Both professional hacking and amateur hackers alike have had their signs set on the valuable financial data that resides at banks, brokerages, financial advisory firms, and other financial firms. They know that one successful breach is all they need for a substantial payday. The rise of fintech has only given hackers more avenues and accessibility to cash out on financial data, making startups one of the most vulnerable industry verticals to cyber threats.


Fintech regulations are not black and white – there’s a lot of gray space in this industry. Regulators are working to develop rules that will govern the fintech space, but there is uncertainty as to precisely how the U.S. regulation of fintech will evolve. Many of the regulations that apply to these types of platforms are still being developed, which makes it difficult for many early-stage fintech startups to know what is expected of them in terms of compliance. As you can imagine, this creates uncertainty around the best way to safeguard fintech companies from cyber threats.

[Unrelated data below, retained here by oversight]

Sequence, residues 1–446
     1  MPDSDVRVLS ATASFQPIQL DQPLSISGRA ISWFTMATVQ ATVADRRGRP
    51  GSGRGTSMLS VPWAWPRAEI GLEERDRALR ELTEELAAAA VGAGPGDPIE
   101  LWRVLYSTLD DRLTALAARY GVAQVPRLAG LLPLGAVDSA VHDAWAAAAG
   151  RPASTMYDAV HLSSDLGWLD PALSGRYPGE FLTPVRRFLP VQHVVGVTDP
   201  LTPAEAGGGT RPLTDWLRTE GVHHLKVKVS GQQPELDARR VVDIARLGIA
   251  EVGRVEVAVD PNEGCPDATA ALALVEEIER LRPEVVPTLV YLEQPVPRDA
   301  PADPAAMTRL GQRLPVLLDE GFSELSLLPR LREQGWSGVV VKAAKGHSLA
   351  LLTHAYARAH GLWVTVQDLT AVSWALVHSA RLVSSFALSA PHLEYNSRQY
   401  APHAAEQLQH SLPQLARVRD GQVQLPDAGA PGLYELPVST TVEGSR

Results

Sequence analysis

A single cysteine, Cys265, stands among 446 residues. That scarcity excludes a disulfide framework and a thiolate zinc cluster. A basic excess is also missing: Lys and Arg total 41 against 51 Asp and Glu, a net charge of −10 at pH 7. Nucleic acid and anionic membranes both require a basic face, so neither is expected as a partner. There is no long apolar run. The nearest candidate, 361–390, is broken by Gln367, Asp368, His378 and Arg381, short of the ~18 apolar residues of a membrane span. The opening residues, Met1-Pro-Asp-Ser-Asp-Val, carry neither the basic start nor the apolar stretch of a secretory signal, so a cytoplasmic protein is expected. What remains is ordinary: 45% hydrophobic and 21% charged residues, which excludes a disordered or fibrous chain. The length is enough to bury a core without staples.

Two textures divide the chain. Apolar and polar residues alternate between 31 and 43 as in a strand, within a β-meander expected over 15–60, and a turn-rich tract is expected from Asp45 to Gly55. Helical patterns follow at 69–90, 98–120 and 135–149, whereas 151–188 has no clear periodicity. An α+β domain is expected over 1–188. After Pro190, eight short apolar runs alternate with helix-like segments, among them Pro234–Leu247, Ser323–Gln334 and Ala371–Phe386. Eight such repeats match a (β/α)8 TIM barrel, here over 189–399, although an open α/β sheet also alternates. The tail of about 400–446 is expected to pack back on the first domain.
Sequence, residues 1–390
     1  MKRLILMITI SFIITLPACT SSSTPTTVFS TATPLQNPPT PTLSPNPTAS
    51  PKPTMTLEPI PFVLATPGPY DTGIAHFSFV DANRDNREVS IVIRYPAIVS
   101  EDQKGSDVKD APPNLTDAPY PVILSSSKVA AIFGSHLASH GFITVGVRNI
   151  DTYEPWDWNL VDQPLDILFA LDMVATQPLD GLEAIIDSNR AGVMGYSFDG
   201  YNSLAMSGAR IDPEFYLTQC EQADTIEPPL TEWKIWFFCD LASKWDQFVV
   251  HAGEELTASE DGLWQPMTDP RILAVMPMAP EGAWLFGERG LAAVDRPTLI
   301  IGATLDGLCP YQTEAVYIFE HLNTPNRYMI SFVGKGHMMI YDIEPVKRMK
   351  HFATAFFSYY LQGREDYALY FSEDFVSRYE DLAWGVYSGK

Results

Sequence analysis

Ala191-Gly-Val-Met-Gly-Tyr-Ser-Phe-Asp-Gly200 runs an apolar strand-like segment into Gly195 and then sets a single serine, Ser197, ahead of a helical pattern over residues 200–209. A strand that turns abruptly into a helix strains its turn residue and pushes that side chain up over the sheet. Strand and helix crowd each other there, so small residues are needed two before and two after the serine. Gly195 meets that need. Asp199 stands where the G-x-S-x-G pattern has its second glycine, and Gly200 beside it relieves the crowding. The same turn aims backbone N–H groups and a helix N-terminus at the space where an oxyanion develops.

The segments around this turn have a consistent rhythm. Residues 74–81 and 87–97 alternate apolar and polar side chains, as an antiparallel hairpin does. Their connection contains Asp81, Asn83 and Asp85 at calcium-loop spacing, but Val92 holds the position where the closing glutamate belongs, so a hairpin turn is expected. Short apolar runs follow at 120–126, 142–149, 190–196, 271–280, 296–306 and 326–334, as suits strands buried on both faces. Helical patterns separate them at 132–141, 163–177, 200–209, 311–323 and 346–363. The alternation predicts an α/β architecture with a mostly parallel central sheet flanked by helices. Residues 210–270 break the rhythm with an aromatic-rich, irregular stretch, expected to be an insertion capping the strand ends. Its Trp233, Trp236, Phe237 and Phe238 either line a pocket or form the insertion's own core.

Being able to protect customers from breaches and defend customer security is an important selling point for most fintech startups, furthering the need to proactively meet any compliance regulations that are in place. Fintech startups must be nimble in their compliance strategies and always stay up to date (and follow!) the latest rulings. Since this can get quite complex, having a seasoned securities lawyer on the team is an efficient way to stay on top of this. Here are some regulations to consider:

  • NYS-DFS part 500
  • Recent updates/proposals relating to Gram Leach Billey Act
  • Recent broad-reaching regulations such as GDPR and CCPA